“Déjà-vu” Mini-Review

deja_vu

Déjà-vu (2006)

“What if you had to tell someone the most important thing in the world, but you knew they’d never believe you?” (Doug Carlin)

In 2006, the now late Tony Scott directed a time-travel thriller “Déjà-vu” starring Denzel Washington and Val Kilmer, presenting a story of A.T.F. agent Doug Carlin who starts to investigate a bombing of a ferry in New Orleans, but ends up embarking on a romantic time-travel mission to save the lives of many. Coming from a film director known for “True Romance” (1993) and “Enemy of the State” (1998), “Déjà-vu” plays all its cards right, and, despite perhaps failing to convince the audience in the plot’s technological advances, the movie still feels very “complete”, fun to watch and provides just the right amount of suspense to keep one intrigued until the very end. 

There are a lot to admire in “Déjà-vu”, and the fact that so many film critics dismiss the movie is a bit unfair. The movie captures the audience from the very beginning when it unfolds the event of a ferry bombing, and the director presents the suspenseful atmosphere of the imminent danger with a great skill, for example, there are beautiful slow-moving shots of happy people on the ferry before the disaster. Overall, the film is well-presented and has many thrills, just like any action movie should be/must have. Surely, it is no masterpiece to be hanged on the wall and be admired, but it is a very nice entertainment, and that is what matters. One thing which is particularly nice about “Déjà-vu”and what makes it stand out from other action movies is its villain. Here, it is the terrorist responsible for the bombing of the ferry, Carroll Oerstadt (Jim Caviezel). It feels like he should really be feared: he is cold-blooded and mysterious, and Caviezel makes him really believable.   

The biggest criticism of this film is the science behind the “time-travel” technology employed in the movie. In the movie, a team of investigators use a special program “Snow White” to see into the past (4 days prior to the bombing) to identify and eventually stop the bomber, and, so, Doug Carlin uses this technology to spy on a woman who he thinks is the key to solving the case. Sure, the science is ridiculous as the team uses a number of satellites and the system does not allow to rewind, etc., but knowing that it is only a movie made for one’s entertainment, surely all this could be forgiven. On the contrary, the time-travel premise makes the movie somewhat thought-provoking because there are “free-will/destiny” discussions. In fact, Doug (Washington) plants clues in the past, to help him move further with his puzzle when he “returns”, all making “Back to the Future” (1985) a bit less exciting in comparison…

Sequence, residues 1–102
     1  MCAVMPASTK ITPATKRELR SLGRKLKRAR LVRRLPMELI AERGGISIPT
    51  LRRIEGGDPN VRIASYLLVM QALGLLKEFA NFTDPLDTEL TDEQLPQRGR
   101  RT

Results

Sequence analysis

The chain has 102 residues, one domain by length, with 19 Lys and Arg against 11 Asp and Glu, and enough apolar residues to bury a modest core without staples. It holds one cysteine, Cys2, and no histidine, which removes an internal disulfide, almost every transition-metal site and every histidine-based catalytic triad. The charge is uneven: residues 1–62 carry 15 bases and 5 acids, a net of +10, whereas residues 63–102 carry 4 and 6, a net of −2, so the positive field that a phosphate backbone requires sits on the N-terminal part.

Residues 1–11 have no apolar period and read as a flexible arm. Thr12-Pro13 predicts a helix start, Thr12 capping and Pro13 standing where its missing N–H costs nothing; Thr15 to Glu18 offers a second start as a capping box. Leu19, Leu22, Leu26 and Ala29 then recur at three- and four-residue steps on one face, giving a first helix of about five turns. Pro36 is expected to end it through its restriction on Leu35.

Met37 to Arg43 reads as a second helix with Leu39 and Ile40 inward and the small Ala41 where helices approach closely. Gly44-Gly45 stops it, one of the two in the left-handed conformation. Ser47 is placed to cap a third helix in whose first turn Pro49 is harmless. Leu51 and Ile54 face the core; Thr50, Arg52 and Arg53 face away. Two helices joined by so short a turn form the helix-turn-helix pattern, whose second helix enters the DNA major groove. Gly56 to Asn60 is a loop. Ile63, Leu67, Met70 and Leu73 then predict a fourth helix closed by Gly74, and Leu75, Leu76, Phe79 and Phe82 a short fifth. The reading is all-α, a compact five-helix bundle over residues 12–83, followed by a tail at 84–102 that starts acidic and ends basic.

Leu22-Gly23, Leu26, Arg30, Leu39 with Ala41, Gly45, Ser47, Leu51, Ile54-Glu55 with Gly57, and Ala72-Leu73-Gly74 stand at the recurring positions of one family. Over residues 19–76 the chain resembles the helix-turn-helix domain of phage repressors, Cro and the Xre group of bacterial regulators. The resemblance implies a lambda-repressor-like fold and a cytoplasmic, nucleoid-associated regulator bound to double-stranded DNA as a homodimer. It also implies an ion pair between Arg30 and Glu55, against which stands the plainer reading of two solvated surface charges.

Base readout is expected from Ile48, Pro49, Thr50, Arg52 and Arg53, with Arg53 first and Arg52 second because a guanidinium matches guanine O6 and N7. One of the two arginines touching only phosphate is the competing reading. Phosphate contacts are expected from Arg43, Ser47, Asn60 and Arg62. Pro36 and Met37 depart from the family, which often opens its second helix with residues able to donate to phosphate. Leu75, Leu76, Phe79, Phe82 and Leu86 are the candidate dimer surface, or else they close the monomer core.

Denzel Washington always performs this role of “an authoritative official under-stress” with brilliance, and Robert Zemeckis’s “Flight” (2012) is the main example of it. In “Déjà-vu” Washington is also very good. He is stoic, romantic; a trustworthy hero. His chemistry with his beautiful co-star Paula Patton (Claire Kuchever) is electrifying, and he also plays off well against Val Kilmer (“Top Gun” (1986)) and Matt Craven (“Crimson Tide” (1995)).

Despite its “technical” flaws, “Déjà-vu” is a very entertaining movie, which will definitely provide for a great-night in. It is romantic, it is emotional, it is action-driven with a great, thought-provoking ending, and Denzel Washington gives a very convincing performance. What more could be asked for? 7/10

Advertisements

5 Responses to “Déjà-vu” Mini-Review

  1. Steve says:

    I have always loved Déjà-Vu. Heck with the critics. It’s a fascinating story well told.

  2. Dan says:

    Very “entertaining” – totally agree. It isn’t perfect, you’re right to highlights some flaws, but it’s hugely enjoyable and very re-watchable.

  3. The Album says:

    This is one of my dads favorite films and it has the “Shawshank effect”, everytime it’s on TV he HAS to watch it, much like when Shawshank Redemption is on TV a lot of people HAVE to put it on. Love it.

    • dbmoviesblog says:

      Agree! Much like Shawshank Deja-Vu appeals if only because of its philosophical, existential message. Both films are inspirational in their own ways. And if you add to that good action and a nice story, I don’t know what more could be asked from a film…

  4. Pingback: “Flight” Review | dbmoviesblog

Leave a Reply

Fill in your details below or click an icon to log in:

WordPress.com Logo

You are commenting using your WordPress.com account. Log Out / Change )

Twitter picture

You are commenting using your Twitter account. Log Out / Change )

Facebook photo

You are commenting using your Facebook account. Log Out / Change )

Google+ photo

You are commenting using your Google+ account. Log Out / Change )

Connecting to %s

beetleypete

The musings of a Londoner, now living in Norfolk

Movie TV Documentary

"You're only given a little spark of madness. You mustn't lose it." Robin Williams

SeanMunger.com

Official site of author and historian Sean Munger.

Rare Horror

We provide reviews and recommendations for all things horror. We are particularly fond of 80s, foreign, independent, cult and B horror movies. Please use the menu on the top left of the screen to view our archives or to learn more about us.

Linnet Moss

On books, food, wine and beautiful men

Whimsically Classic

Brought to You by a Former Nick-at-Nite and Current TCM Junkie!

off the leash

History, technology, books and baseball.

After Credits Corner

There's a million films I haven't seen. Just you wait...

BuzzHub

More Than Entertainment

%d bloggers like this: